As said, each bit (binary digit) has two states, "on" and "off", "1" and "0" or "high" (e.g. 3.3volts) and "low" (e.g. zero) voltage.

With four bits you can count from 0 to 15, with 8 bits, from 0 to 255 etc.

decimal binary

00 0000

01 0001

02 0010

03 0011

04 0100

05 0101

06 0110

07 0111

08 1000

09 1001

10 1010

11 1011

12 1100

13 1101

14 1110

15 1111

16 10000

etc

An you count in binary, the last (rightmost) bit alternatively toggles between 0 and 1, and each time a digit flips back to a zero from a one, the 'carry' is taken to the next bit to the left...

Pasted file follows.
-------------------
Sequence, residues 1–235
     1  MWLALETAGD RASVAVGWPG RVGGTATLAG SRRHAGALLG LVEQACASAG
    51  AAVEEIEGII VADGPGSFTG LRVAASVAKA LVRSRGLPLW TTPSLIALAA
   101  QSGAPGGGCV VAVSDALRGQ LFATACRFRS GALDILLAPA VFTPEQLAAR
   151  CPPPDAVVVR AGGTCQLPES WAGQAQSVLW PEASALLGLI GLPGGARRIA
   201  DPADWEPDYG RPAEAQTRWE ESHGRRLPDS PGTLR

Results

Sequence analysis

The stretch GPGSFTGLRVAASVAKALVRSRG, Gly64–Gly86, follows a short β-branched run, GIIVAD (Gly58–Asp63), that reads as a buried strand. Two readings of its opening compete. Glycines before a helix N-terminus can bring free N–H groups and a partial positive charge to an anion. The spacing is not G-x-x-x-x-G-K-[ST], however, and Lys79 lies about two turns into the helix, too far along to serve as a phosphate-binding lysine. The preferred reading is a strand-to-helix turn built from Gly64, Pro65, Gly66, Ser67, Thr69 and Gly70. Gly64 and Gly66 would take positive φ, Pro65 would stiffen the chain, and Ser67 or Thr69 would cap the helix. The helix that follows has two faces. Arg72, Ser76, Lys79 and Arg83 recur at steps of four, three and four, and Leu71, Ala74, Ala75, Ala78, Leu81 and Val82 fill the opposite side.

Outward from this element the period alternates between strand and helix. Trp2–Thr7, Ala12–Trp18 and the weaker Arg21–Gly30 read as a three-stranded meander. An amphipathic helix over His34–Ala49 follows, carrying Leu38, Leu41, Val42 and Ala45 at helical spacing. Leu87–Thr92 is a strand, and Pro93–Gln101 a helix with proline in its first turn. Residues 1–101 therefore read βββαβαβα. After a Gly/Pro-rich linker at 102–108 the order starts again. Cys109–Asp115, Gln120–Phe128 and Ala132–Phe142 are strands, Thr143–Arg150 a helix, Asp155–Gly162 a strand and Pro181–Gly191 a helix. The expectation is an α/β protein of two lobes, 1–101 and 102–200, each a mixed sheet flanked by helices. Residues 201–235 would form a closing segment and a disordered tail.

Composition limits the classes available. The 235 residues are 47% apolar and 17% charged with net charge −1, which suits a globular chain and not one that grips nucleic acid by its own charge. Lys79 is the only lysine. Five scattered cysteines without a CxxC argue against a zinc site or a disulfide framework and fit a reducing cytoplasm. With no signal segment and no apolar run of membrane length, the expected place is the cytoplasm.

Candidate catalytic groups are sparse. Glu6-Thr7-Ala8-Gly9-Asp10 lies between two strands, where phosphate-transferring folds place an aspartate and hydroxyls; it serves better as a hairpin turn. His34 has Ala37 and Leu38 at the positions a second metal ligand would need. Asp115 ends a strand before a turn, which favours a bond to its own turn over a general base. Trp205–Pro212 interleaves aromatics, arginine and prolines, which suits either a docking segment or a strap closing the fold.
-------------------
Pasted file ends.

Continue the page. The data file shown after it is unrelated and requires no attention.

You can 'decode' binary by working from right to left, noting that the rightmost bit is worth 1, the next rightmost as 2, then 4, 8, 16, 32, 64, 128, 256, 512, 1024, 2048, 4096, 8192, 16384, 32768, 65536, 131072...

As well as for counting and data, you use binary "address busses" to access different locations in computer memory.

This is where a lot of the "funny" numbers you see in computers come from, why "1k" is usually 1024 bytes (2 to the power of 10) rather than 1000 bytes.

1 megabyte = 2^20 bytes = 1048576 bytes (the maximum you can address with 20 wires).